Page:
We arrive safely in Loksado, a small village nestled in the foothills of Maratus Mountains. Surprisingly, we are the only guests at this 16-room river lodge. They have electricity a few hours a day, through a generator, and we are thankful for a western toilet even though we flush it with buckets of water. We hope to spend two nights in the river lodge, going on local treks and bamboo rafting. But it is impossible to find a guide, even though we repeatedly ask the lodge staff and in the nearby town. We realize foreigners must be a rarity when people repeatedly pull over on their motorbikes, asking to take photos with us, the exotic foreign tourists.

Every day is filled with negotiations. Fortunately, Anne-Louise speaks a decent amount of Bahasa Indonesia, the national language, but it also means I become a bit lazy and leave the logistics to her. It’s a welcome break, since I typically make the travel arrangements and bargain for my friends. Bartering is standard procedure in Southeast Asia, but Borneo brings it to a whole new level that is quite comical. The game begins when we ask for a service or item. They repeat our request numerous times, phrasing it differently each time, lighting up a cigarette and staring off into space. Frequently, they disappear for awhile to discuss it with others. When they return, they ruminate on our request again (and again) and finally state an exorbitant figure. Anne-Louise and I have already discussed in advance our ideal price and top price, so she immediately responds with our desired price. Our latest tactic is for me to walk away, so she has to find me to discuss the new price after they’ve countered with their price. It can sometimes take HOURS. We find this particularly amusing because we are usually the only tourists in town. We always pay more then we should, knowing the amount is generally inconsequential to us, but a great deal of money for them.

When faced with extreme poverty, I always think about my mother’s childhood growing up without electricity or running water, and how in one generation our family’s life has been transformed. My life is so absolutely golden and I count my blessings every single day.









Several months have passed since my last blog entry. It’s difficult to chronicle all the amazing things about my life in Bali. Yes, I’m still in Bali! People ask me how long I’ve been here and get a knowing smile when I tell them I originally came for one month and am still here five months later. Ex-pats relate their own story of coming for vacation and remain for decades. But no! – I protest, I’m moving to Vietnam. I’m just on vacation.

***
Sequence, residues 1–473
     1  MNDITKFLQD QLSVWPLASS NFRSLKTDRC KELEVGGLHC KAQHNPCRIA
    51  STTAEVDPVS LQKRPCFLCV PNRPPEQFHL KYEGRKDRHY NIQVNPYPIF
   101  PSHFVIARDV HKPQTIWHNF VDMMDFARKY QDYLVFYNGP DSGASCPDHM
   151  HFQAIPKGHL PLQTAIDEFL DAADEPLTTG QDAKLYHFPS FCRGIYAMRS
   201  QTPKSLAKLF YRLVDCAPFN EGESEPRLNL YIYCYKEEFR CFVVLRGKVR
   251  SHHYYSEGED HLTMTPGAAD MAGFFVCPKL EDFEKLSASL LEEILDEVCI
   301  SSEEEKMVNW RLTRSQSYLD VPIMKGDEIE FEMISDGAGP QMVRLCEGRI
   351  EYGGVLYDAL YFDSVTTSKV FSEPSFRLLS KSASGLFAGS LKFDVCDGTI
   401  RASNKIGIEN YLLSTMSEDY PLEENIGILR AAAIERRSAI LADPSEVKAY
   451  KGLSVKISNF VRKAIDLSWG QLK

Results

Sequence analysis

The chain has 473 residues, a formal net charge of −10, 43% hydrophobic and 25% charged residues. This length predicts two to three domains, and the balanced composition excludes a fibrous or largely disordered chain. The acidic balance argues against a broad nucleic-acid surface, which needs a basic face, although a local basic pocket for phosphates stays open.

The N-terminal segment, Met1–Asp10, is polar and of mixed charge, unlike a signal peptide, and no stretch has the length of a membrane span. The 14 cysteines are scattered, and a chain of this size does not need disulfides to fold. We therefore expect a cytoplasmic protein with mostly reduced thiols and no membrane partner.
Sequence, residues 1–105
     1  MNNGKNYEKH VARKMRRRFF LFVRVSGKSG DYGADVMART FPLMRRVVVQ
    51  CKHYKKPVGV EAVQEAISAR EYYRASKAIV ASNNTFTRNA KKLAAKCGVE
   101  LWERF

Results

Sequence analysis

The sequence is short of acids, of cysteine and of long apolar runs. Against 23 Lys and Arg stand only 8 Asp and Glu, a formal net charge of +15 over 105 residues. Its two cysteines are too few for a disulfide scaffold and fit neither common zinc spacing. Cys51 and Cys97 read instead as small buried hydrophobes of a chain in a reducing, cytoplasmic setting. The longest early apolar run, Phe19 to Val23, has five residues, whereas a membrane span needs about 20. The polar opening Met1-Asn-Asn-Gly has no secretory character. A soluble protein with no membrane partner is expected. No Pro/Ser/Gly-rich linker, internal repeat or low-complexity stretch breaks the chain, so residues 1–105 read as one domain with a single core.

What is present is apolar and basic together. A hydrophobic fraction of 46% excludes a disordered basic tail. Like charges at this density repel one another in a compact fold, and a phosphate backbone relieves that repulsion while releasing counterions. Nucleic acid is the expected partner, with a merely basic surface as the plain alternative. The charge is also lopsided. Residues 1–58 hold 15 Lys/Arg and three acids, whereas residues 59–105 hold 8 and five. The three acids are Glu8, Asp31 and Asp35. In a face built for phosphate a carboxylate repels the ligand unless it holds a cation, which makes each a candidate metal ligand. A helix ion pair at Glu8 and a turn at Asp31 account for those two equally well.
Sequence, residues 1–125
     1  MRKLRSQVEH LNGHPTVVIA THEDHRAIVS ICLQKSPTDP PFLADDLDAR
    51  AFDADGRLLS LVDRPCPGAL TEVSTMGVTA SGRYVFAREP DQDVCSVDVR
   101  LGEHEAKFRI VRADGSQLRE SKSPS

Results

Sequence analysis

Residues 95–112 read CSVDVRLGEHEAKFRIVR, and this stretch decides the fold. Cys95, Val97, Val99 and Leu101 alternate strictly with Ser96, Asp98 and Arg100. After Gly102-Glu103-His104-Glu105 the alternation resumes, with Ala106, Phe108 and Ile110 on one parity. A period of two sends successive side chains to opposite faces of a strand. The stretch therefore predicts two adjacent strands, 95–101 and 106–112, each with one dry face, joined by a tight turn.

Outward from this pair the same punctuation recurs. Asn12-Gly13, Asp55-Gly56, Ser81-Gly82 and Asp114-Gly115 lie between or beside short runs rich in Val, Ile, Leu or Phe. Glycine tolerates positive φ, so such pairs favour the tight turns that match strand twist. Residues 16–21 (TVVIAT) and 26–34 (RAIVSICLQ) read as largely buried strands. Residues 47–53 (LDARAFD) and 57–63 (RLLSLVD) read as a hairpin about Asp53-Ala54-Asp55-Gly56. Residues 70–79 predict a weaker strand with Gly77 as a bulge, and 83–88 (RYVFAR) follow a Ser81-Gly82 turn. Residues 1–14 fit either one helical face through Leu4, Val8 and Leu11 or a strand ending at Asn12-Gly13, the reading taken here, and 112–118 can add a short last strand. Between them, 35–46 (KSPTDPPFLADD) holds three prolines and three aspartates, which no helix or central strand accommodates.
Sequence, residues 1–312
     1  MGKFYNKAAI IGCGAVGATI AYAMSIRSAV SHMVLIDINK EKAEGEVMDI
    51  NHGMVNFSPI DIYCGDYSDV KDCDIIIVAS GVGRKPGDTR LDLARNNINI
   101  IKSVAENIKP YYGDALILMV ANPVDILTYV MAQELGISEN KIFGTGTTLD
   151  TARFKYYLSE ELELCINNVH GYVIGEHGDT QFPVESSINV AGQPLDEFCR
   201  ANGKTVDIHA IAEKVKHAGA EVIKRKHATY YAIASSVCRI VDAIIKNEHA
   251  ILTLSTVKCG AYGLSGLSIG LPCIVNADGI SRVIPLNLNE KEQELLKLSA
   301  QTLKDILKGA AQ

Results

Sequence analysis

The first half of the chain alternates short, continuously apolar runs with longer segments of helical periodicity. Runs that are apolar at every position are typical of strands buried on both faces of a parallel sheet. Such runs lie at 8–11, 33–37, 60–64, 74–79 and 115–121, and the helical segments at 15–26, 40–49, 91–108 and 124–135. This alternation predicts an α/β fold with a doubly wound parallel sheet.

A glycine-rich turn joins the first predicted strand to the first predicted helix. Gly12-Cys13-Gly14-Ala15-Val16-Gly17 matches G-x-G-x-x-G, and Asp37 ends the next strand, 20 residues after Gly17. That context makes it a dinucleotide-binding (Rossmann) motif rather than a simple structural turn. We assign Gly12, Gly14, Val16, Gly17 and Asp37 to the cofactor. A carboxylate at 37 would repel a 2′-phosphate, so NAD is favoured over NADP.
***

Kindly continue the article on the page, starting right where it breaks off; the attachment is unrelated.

As the months pass and every day is filled with joy, wonder and blessings; I decide not to resist the ranks and to move to Bali. Vietnam is a part of my heart, my mother’s home country and a vibrant, dynamic place. I can always move to Vietnam later, open a yoga studio and adopt a child. Some of my friends have joked for years that I’m like an M & M. Hard on the outside, but sweet on the inside. Bali softens my soul and brings out the gooey, chocolaty parts of me. Since making this decision last week, I wake up with a new sense of awe, feel like I’m floating in a dream.

The most difficult part of leaving the United States, was leaving behind my community in Seattle. I’ve lived in dozens of places in five different states. Seattle was the first place I really settled down, and had a loving community of hundreds of friends and family. I knew I’d want to create a community in Vietnam. And here in Ubud, Bali, I’ve found a sweet community. Nestled in the neighborhood of Penestenan, amidst rice paddy fields and foot paths. No noise from cars or motorbikes, just the rushing sound of water from rice field irrigation, constant crowing of roosters, and falling asleep to a cacophony of crickets and frogs. Morning yoga under a majestic Banyan tree.

Every day, I witness the daily devotion of the Balinese. Offerings to the gods pepper doorways and streets. I’ve been privileged to participate in ceremonies that include blessings, chanting, dancing, sitting meditation, walking meditation and fire. Being raised Catholic and shunning religion in my teens, I’ve had a negative attitude towards prayer. I viewed it as making deals with God. If I prayed hard enough and he gave me what I wanted, then I would promise him the moon and the sky. Thinking I was bad or wrong if my prayers didn’t come true. Now, I’m learning how to pray. Chanting and offering flowers from my heart. Feeling gratitude for all my blessings. Praying for my family and friends. It’s bringing out the softer side of me.